The purpose of the Vancouver Women's Hair Loss Program is to provide effective treatment for women. There are many mimickers of hair loss in women. Genetic hair loss and telogen effluvium often look similar in women, and sometimes alopecia areata and scarring alopecias can perfectly mimic genetic hair loss as well.
Telogen effluvium is a general term that means excessive hair shedding. It’s normal to lose 50-100 hairs per day. When this number is exceeded, a clinician may consider the diagnosis of telogen effluvium. Telogen effluvium is not a specific condition but rather a term used to describe over 50 conditions that give excessive daily hair fall.
What are the common causes of telogen effluvium?
A number of conditions can cause telogen effluvium, including:
- low iron levels
- thyroid problems
- crash diets
- medications, including starting and stopping the birth control pill (see larger list)
- major stress
- severe illness
- high fever (infection, etc)
- labour and delivery (post partum telogen effluvium)
How long does shedding last?
Shedding will continue provided the trigger that caused the shedding is still occurring. Once the trigger is removed (for example the iron levels are restored in someone with low iron), the shedding stops in 4-7 months.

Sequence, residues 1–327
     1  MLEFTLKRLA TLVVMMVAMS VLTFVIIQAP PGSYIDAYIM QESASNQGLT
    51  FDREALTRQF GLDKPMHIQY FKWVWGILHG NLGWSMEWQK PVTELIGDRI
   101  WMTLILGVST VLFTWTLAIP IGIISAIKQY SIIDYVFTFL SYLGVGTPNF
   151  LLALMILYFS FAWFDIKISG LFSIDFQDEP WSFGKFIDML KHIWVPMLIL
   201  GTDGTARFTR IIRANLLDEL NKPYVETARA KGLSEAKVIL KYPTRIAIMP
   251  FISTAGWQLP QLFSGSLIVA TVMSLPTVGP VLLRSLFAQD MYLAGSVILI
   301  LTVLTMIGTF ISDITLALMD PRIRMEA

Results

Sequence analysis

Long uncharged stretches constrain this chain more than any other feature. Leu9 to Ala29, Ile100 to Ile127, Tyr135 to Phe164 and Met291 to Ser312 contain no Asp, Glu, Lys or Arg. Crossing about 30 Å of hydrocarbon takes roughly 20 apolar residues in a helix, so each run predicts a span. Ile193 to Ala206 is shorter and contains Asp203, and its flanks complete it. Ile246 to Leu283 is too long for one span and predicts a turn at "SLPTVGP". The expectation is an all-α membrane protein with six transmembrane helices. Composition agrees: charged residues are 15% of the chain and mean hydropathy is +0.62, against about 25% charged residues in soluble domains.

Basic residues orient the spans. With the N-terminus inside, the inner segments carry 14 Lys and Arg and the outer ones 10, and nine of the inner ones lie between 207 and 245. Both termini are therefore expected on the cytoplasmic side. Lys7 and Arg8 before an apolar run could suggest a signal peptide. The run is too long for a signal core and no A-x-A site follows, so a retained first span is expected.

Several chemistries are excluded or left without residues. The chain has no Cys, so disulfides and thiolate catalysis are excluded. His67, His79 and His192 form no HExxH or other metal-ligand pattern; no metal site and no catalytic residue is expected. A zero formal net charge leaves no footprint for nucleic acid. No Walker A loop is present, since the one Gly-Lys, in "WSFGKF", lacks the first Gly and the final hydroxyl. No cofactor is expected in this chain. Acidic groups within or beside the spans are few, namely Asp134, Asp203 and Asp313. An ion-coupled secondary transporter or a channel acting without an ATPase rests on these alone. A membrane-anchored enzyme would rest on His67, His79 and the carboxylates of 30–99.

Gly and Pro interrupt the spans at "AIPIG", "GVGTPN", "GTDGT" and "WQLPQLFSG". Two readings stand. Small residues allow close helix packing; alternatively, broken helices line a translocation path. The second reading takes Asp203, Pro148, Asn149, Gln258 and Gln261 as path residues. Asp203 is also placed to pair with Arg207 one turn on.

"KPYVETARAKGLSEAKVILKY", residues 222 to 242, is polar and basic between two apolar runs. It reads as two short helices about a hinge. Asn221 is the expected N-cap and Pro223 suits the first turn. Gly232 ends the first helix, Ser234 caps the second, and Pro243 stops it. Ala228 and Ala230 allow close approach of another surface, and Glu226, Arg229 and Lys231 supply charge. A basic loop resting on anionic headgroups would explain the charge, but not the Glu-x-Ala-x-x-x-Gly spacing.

Telogen effluvium that goes on many months without obvious cause is referred to as chronic telogen effluvium. Chronic telogen effluvium is more common in women 35-60.
Donovan JC. “Scalp Camouflaging Techniques: What is available and how real do they look”. Canadian Dermatology Association Bulletin. October 2011
St. Pierre SA, Vercellotti GM, Donovan JC and Hordinsky M. - “Iron deficiency and diffuse nonscarring scalp alopecia in women: More pieces to the puzzle” Journal American Academy Dermatology. December 2010
Donovan JC, Samrao A, Ruben BS and Price V. “Eyebrow Regrowth in Frontal Fibrosing Alopecia Patients Treated with Intralesional Triamcinolone Acetonide”. British Journal of Dermatology. November 2010
Donovan JC and Price V. “Chloroquine induced Hair Hypopigmentation”. New England Journal of Medicine. July 2010
Hordinsky MK, Caramori A and Donovan JC. “Hair Physiology and Grooming” Cosmetic Dermatology: Products and Procedures. 2010